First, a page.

Conclusion:

It is early days to conclude whether the situation in Afghanistan has entered its end game. In any case, it would be prudent to assume that the U.S. will definitely leave Afghanistan in the next two years, likely to be followed by other western countries.

F. Tidbits

1. Writers bag The Hindu Prize

Context: Awards by The Hindu were awarded for excellence in Indian writing in English.

Awards:

  • English writer Neelum Saran Gour, author of Requiem in Raga Janki and Bengali writer and socio-political activist Manoranjan Byapari, author of Interrogating my Chandal Life: An Autobiography of a Dalit, bagged The Hindu Prize 2018 for fiction and non-fiction respectively.
  • The Hindu Young World-Goodbooks Award for Best Book Fiction was awarded to Venita Coelho for Boy No: 32.
  • Mamta Nainy’s A Brush with Indian Art received The Hindu Young World-Goodbooks Award for Best Book Non-Fiction.
  • The Hindu Young World-Goodbooks Award for Best Picture Book: Story went to Vinayak Varma for his work in Angry Akku.
  • The Hindu Young World-Goodbooks Award for Best Picture Book: Illustration went to Rajiv Eipe for his work in Ammachi’s Amazing Machines.

2. Nobel-winning scientist loses honorary titles

Context: The co-discoverer of the DNA helix, father of the Human Genome Project and a renowned Nobel laureate James Watson, has been stripped of honorary titles following “reprehensible” remarks on race and ethnicity.

Background:

  • In an interview to a British newspaper, the 90-year-old geneticist said that people of African descent tend to have lower intelligence and resigned soon after.
  • However, in the new documentary titled American Masters: Decoding Watson, when asked about his views on race in the decade since his departure from the lab, Mr. Watson said he stood by his former remarks, citing the difference in IQ tests results to suggest black inferiority.

What was the Human Genome Project?

  • The Human Genome Project (HGP) was the international, collaborative research program whose goal was the complete mapping and understanding of all the genes of human beings.
  • All our genes together are known as our “genome.”
  • The HGP has revealed that there are probably about 20,500 human genes.
  • The completed human sequence can now identify their locations.
  • This ultimate product of the HGP has given the world a resource of detailed information about the structure, organization and function of the complete set of human genes.
  • This information can be thought of as the basic set of inheritable “instructions” for the development and function of a human being.

G. Prelims Fact

Nothing here for today!!!

H. Practice Questions for UPSC Prelims Exam

Question 1. Consider the following for Sakhi centres:
  1. One Stop Centre (OSC) approved under the Nirbhaya Fund is a Centrally Sponsored Scheme under the Ministry of Women and Child Development.
  2. The OSC supports all women including girls below 18 years of age affected by violence, irrespective of caste, class, religion, region, sexual orientation or marital status.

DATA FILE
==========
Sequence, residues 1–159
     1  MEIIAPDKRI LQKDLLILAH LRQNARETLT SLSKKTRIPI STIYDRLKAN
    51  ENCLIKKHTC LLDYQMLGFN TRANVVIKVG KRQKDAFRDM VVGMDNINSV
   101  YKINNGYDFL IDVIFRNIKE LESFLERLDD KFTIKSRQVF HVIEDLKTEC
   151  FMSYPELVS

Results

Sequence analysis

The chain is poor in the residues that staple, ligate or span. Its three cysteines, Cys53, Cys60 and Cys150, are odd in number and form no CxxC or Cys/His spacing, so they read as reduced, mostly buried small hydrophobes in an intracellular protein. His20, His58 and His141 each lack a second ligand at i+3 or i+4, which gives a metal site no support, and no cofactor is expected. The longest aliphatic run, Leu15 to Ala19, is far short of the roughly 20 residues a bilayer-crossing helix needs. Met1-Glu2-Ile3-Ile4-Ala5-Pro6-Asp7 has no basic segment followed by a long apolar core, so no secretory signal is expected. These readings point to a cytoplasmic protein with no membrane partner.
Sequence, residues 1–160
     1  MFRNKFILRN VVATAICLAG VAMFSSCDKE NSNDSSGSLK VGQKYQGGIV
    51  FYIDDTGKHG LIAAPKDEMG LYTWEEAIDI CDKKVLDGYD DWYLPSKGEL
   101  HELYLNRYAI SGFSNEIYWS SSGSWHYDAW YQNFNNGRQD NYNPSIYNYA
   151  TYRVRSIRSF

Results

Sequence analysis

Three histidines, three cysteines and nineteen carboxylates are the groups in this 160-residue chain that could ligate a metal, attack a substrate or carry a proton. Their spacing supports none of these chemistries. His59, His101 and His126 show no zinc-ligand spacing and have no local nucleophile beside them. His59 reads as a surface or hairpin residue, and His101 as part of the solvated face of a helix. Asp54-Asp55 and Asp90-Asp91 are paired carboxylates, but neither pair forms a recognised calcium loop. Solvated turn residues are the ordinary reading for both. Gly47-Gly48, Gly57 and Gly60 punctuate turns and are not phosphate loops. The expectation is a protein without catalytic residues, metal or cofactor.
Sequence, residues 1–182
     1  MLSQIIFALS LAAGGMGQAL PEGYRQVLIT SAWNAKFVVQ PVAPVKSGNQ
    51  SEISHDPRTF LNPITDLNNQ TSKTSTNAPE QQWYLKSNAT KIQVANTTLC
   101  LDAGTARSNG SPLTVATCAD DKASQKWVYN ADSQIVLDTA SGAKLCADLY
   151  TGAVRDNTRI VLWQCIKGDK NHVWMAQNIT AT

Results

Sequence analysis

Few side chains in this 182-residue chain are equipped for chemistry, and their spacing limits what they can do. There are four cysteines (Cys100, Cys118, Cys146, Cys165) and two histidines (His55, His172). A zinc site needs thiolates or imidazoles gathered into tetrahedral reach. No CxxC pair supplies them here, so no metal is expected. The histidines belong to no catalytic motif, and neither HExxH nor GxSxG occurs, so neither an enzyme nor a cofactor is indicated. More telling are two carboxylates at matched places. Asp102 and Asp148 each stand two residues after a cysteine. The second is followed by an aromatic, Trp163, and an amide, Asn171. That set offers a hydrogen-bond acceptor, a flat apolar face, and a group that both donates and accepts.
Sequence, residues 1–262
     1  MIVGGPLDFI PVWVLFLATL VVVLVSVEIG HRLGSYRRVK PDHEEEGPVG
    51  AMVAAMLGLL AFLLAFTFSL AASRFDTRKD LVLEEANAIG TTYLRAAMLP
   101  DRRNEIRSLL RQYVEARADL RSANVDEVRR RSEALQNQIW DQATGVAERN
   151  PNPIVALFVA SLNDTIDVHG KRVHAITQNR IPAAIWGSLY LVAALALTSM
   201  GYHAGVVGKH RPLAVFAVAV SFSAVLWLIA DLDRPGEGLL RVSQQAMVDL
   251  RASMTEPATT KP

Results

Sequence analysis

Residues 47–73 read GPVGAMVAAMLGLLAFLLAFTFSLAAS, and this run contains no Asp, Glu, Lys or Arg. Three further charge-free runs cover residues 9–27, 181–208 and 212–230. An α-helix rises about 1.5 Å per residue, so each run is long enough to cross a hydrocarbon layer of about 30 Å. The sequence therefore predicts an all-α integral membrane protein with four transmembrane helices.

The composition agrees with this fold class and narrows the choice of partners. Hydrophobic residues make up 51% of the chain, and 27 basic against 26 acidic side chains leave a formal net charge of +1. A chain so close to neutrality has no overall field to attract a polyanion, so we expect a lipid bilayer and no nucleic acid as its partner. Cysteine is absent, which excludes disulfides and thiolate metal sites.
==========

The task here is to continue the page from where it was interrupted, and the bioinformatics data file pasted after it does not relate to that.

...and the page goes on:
3. The scheme envisages an OSC for medical, legal, psychological and police help for victims of gender-based abuse such as sexual assault or domestic violence.

Which of the following is/are correct?

  1. Only 2
  2. Only 1
  3. Only 1 and 2
  4. All of the above

See

Answer
Question 2. Consider the following statements about 2+2 dialogue:
  1. The ‘2+2’ dialogue is a meeting between the India Ministers for External Affairs and Defense, and the US Secretaries of State and Defense.
  2. This “2+2” dialogue was meant to replace the Strategic and Commercial Dialogue between the foreign and commerce ministers of the two countries that was held during the previous Obama administration.
  3. It is to focus on “strengthening strategic, security and defense cooperation” between the two countries.

Which of the following is/are correct?

  1. Only 1
  2. Only 3
  3. Only 1 and 3
  4. All of the above

 

See

Answer
Question 3. Consider the following statements about Asian Water bird Census:
  1. The AWC is an integral part of the global water bird monitoring programme, the International Water bird Census (IWC).
  2. The AWC was initiated in 1987 in the Indian subcontinent and covers the entire East Asian – Australasian Flyway and a large part of the Central Asian Flyway
  3. It is coordinated by Wetlands International.
  4. Its objective is to monitor on an annual basis the status and condition of wetlands.

Which of the following is/are correct?

  1. Only 1
  2. Only 3
  3. Only 1, 2 and 3
  4. All of the above

See

Answer
Question 4. Consider the following about Law Commission of India:
  1. It is a non-statutory body constituted by the Government of India from time to time.
  2. It is reconstituted every three years.
  3. The current Law commission is the 22nd Law Commission of India.

Which of the following is/are correct?

  1. Only 1
  2. Only 3
  3. Only 1 and 2
  4. All of the above

See

Answer

Question 5. Which of the following countries do not share its border with Uzbekistan?
  1. Tajikistan
  2. Turkmenistan
  3. Pakistan
  4. Afghanistan

See

Answer

I. Practice Questions for UPSC Mains Exam

  1. Discuss the importance of India-Central Asia Dialogue recently held in Samarkand, Uzbekistan.
  2. How far the One Stop Centre have been successful in solving crimes against women. Analyze.

See previous CNA